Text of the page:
The Doane Stuart fire and a loss of a personal connection.

Last night came the horrifying news. The campus of the old Doane Stuart parochial school burned to the ground. Absolutely devastating news. Although the school itself moved out of that location a decade ago, there were hopes that the facility could be rehabbed into new housing or new living accommodations. Those hopes are now sadly dashed.

The building’s history spans nearly 200 years. The Friends of Albany blog has an excellent history of the building’s many lives – as a private residence, as a convent, and later as a parochial school. Here’s the link.

That being said … I want to mention a personal connection involving Doane Stuart.

No, I never attended the school. But the school was part of my existence.

I shall explain.

Prior to Doane Stuart, the facility was a convent for the nuns of the Kenwood Academy of the Sacred Heart. They, along with community activists in Albany’s South End and Arbor Hill neighborhoods, put together a learning opportunity for those students who were left out and marginalized by the Albany City School District. The plan was to bring young men and women to various businesses and institutions and let them learn hands-on and achieve that learning experience. Thus, in 1970, began what was called the Street Academy of Albany.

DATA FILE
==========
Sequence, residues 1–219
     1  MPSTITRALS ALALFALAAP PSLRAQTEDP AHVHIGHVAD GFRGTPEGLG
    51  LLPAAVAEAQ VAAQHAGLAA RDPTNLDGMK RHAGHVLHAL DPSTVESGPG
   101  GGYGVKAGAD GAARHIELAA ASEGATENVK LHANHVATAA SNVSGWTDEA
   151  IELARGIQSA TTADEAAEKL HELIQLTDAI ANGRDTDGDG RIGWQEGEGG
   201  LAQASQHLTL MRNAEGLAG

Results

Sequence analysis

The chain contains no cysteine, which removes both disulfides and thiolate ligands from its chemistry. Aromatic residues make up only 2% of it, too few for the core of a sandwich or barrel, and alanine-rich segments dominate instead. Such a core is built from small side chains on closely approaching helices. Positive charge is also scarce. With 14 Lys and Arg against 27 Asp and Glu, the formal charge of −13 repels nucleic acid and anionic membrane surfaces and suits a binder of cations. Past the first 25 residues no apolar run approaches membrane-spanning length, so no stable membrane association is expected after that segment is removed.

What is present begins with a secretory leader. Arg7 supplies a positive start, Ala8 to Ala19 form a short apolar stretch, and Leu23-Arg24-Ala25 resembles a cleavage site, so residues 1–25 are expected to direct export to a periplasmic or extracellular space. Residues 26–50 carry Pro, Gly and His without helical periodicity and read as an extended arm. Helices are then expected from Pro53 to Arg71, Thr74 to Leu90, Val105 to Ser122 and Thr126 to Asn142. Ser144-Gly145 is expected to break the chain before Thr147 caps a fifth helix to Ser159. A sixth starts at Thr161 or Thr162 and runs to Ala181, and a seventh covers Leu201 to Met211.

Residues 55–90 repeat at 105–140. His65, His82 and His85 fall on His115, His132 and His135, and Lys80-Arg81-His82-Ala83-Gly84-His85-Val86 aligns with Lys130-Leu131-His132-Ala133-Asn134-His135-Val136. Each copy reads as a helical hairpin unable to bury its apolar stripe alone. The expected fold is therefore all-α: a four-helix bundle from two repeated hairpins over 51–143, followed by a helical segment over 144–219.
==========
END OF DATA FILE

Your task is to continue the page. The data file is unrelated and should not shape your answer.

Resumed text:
Eventually the school became part of the Albany City School District, and it operated under their aegis from 1974 to 2010, its last 20 years under the name of Harriet Gibbons High School. And when Street Academy held their graduation ceremonies, for many years those ceremonies were held on the Doane Stuart campus. It was a partnership of faith and of encouragement.

By the time this blog post is written, I surmise that the wrecking cranes and bulldozers will be crawling up Mt. Hope Drive for their first whacks at the building structures. And a part of Albany’s history and architecture and soul will be laid to rubble.

Damn it.

Honestly, this sucks. There were so many opportunities to do something with that campus. It was beautiful and ornate and a treasure. And now it’s lost to photographs and fading memories and cinders.

Yeah … today’s not really a good day. Sorry, folks.